The second agent, i.e. the generator (differentiable function G; it is usually a neural network as well), receives white noise z (random values that allow it to generate a variety of plausible images) as input. Then, applying the function G to the noise z, one obtains x (in other words, G(z) = x). We hope that sample x will be quite similar to the original training data but will have some problems — such as noticeable noise — that may allow the discriminator to recognise it as a fake example. The next step is to apply the discriminant function D to the fake sample x from the generator. At this point, the goal of D is to make D(G(z)) as close to zero as possible, whereas the goal of G is for D(G(z)) to be close to one.

This is akin to the struggle between money counterfeiters and the police. The police want the public to be able to use real banknotes without the possibility of being cheated, as well as to detect counterfeit ones and remove them from circulation, and punish the criminals. At the same time, counterfeiters want to fool the police and use the money they have created. Consequently, both the police and the criminals are learning to do their jobs better and better.

Assuming that the hypothetical capabilities of the police and the counterfeiters — the discriminator and the generator — are unlimited, then the equilibrium point of this game is as follows: the generator has learned to produce perfect fake data that is indistinguishable from real data, and as such, the discriminator’s score is always 0.5 — it cannot tell if a sample is true or not.

What are the uses of GANs?

GANs are used extensively in image-related operations. This is not their only application, however, as they can be used for any type of data.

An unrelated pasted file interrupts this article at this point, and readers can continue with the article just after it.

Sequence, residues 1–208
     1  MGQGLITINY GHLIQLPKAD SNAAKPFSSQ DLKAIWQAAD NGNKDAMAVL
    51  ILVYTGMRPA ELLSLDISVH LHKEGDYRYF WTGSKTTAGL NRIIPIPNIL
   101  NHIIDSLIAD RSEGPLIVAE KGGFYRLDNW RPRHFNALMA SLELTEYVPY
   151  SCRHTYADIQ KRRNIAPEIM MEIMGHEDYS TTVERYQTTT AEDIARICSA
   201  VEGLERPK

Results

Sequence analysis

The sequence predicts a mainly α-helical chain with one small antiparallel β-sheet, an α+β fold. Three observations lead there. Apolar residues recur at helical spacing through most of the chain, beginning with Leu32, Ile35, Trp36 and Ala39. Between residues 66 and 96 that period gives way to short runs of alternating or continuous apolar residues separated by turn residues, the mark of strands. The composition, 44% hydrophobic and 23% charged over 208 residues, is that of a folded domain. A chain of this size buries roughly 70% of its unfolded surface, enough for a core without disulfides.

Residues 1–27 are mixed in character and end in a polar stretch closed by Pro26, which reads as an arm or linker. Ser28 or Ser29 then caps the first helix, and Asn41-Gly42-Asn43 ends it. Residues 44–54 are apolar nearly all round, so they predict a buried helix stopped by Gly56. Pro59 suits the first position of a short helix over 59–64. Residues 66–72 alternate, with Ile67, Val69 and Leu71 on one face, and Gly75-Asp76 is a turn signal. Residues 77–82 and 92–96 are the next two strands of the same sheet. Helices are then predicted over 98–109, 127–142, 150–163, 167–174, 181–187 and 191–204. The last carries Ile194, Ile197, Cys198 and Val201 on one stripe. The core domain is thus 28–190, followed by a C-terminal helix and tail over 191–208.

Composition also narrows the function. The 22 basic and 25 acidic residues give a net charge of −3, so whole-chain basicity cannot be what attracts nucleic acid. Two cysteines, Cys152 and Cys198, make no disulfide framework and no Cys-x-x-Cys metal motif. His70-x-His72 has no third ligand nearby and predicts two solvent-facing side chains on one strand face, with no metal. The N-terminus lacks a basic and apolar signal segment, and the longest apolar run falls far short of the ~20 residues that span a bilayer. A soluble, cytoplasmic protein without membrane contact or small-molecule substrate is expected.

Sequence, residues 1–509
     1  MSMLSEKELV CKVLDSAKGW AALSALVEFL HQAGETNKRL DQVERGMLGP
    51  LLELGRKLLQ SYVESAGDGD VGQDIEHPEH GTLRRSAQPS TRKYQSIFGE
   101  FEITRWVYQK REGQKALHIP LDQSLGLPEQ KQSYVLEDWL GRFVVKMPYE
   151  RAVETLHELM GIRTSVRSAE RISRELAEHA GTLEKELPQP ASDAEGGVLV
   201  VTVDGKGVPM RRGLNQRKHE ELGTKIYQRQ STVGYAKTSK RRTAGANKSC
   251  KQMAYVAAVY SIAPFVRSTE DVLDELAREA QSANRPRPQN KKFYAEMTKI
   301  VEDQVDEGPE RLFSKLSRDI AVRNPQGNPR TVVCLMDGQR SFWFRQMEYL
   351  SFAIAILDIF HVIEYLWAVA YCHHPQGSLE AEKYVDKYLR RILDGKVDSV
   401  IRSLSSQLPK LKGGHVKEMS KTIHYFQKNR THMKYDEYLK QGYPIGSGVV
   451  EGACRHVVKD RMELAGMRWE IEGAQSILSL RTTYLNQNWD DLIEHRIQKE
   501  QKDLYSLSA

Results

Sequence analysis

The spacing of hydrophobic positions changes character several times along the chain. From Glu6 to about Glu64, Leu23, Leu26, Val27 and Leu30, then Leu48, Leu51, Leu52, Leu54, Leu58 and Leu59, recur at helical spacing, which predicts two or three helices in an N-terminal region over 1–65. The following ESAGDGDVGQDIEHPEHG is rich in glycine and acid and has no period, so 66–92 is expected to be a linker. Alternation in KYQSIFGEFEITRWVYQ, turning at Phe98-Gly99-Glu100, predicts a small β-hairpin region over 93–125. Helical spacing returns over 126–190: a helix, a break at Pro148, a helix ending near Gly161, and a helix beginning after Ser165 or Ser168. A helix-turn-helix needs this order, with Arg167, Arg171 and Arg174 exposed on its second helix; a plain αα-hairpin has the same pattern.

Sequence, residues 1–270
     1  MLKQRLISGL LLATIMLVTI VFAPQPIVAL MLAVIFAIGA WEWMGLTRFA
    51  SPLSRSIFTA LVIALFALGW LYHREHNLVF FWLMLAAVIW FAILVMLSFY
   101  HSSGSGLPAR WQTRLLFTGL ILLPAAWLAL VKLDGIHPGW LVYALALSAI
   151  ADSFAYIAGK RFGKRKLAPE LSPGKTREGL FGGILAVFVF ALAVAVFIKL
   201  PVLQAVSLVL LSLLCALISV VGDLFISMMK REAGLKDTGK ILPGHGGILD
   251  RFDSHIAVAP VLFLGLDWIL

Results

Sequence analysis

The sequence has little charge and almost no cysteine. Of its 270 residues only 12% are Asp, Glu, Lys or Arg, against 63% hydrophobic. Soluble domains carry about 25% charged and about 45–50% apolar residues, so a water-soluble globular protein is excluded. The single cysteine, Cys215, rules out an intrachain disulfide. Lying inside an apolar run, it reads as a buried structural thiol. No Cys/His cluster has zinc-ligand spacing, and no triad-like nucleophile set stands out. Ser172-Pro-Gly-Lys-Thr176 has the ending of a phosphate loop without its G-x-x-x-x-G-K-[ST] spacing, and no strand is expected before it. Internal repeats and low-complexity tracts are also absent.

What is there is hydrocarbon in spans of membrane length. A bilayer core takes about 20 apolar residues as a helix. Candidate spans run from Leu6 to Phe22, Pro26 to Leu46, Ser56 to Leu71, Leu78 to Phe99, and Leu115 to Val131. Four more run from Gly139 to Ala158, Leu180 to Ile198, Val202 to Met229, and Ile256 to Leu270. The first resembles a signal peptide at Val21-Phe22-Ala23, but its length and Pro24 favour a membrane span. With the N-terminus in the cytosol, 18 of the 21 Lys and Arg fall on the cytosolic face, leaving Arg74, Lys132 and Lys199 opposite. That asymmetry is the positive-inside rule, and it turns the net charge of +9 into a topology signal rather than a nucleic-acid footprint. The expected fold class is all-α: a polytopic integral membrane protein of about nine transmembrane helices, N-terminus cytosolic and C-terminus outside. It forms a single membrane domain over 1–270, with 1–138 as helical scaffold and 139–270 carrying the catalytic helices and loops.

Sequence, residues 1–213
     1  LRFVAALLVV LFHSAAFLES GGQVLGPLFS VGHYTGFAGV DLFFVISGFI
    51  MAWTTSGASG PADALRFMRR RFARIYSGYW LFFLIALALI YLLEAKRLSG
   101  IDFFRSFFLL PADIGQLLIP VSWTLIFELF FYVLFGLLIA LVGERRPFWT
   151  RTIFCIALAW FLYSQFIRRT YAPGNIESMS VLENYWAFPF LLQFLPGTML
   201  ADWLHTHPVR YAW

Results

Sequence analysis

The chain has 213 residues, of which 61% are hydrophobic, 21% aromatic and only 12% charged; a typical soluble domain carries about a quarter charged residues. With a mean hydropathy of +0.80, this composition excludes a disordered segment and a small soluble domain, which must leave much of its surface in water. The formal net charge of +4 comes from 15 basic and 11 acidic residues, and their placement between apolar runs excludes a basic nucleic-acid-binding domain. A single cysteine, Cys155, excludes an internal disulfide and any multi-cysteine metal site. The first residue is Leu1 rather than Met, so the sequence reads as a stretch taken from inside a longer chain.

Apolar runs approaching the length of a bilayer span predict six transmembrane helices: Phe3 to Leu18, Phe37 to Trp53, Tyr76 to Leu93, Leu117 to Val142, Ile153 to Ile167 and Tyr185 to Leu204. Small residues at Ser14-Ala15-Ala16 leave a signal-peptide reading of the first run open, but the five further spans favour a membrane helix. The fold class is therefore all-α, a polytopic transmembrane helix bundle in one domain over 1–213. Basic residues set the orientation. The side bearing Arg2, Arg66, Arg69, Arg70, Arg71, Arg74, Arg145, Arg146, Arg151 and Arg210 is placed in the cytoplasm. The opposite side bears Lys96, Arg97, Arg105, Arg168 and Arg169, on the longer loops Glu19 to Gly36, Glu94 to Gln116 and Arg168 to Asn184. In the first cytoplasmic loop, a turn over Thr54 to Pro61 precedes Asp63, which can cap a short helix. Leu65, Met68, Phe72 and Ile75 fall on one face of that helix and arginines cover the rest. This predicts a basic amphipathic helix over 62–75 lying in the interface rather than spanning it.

Style Transfer by CycleGAN
Figure 1 Style Transfer carried out by CycleGAN

For example, the DiscoGAN network can transfer a style or design from one domain to another (e.g. transform a handbag design into a shoe design). It can also generate a plausible image from an item’s sketch (many other networks can do this, too, e.g. Pix2Pix). Known as Style Transfer, this is one of the more common uses of GANs. Other examples of this application include the CycleGAN network, which can transform an ordinary photograph into a painting reminiscent of artworks by Van Gogh, Monet, etc. GANs also enable the generation of images based on a description (StackGAN network) and can even be used to enhance image resolution (SRGAN network).

Useful resources

[1] Goodfellow I., Improved Techniques for Training GANs,

[2] Chintala S., How to train a GAN,

[3] White T., Sampling Generative Networks, School of Design, Victoria University of Wellington, Wellington

[4] LeCun Y., Mathieu M., Zhao J., Energy-based Generative Adversarial Networks, Department of Computer Science, New York University, Facebook Artificial Intelligence Research, 2016,


[1] Goodfellow I., Tutorial: Generative Adversarial Networks [online], “NIPS”, 2016,
[2] Skymind, A Beginner’s Guide to Generative Adversarial Networks (GANs) [online], San Francisco, Skymind, accessed on: 31 May 2019
[3] Goodfellow, Ian, Pouget-Abadie, Jean, Mirza, Mehdi, Xu, Bing, Warde-Farley, David, Ozair, Sherjil, Courville, Aaron, and Bengio, Yoshua. Generative adversarial nets. In: Advances in Neural Information Processing Systems, pp. 2672–2680, 2014
[4] LeCun, Y., What are some recent and potentially upcoming breakthroughs in deep learning?, “Quora”, 2016, accessed on: 31 May 2019,
[5] Kim T., DiscoGAN in PyTorch, accessed on: 31 May 2019,